Parents push Manatee for full-time teachers in every class

eearl@bradenton.comAugust 2, 2013 

MANATEE -- Parents from Rowlett, Gene Witt and Wakeland elementary schools gathered outside the school board building Thursday afternoon with the intent of delivering signed letters to keep permanent teachers in schools for the first day of school rather than substitutes.

The letters read: "Substitute teachers are not the answer. They are not as engaged, create even more transition for the children involved, and create a clear disadvantage for the entire classroom."

The dozen parents were led by Rowlett parent Melissa Stochl, who says her son is entering kindergarten without a teacher assigned to his classroom.

Stochl said this also happened last year with her second-grader at Gene Witt.

"His class had a substitute for the first 10 weeks of school," Stochl said. "It has a negative impact on the children, but the district doesn't see it from a child's eyes or parent's eyes."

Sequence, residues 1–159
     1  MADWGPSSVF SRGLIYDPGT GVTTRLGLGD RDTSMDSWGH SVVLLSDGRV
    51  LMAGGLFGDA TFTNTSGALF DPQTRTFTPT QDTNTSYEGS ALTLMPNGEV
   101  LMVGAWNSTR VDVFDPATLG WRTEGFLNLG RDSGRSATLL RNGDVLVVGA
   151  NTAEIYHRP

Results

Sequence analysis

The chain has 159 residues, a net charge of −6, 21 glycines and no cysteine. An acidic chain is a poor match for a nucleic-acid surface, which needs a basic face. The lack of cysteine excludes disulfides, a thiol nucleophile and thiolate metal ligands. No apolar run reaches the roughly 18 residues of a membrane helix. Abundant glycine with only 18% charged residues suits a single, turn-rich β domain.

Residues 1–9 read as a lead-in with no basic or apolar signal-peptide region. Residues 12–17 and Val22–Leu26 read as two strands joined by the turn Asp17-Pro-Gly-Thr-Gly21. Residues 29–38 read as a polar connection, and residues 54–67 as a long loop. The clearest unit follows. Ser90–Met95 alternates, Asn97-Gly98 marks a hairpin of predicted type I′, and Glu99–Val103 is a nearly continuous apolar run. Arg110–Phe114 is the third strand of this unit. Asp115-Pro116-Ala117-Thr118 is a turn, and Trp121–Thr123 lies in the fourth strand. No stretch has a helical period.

Stochl and other parents were hoping for face time with district senior staff, including deputy superintendent of instruction Diana Greene and Superintendent Rick Mills. However, when they arrived at 4:30 p.m., the district offices were closed.

Greene told the Herald it is not unusual for school districts to have vacant teaching positions this close to the start of the school year.

"It will always be that way, no matter if it is a perfect budget year," Greene said.

Greene said teaching positions as yet unfilled are still open because the teachers are on leave, have retired or relocated.

"We are doing everything possible to hire back some of the teachers that were non-renewed," Greene said. "We will know the gravity of the situation after about four days of school."

Greene said she does not know how many classrooms will have a substitute teacher the first day of school.

"Kids are resilient if it drags out, but our goal is not to let that happen this year," Greene said. "If a school earns additional teachers, it is our responsibility to get them."

Erica Earl, education reporter, can be reached at 941-745-7081.

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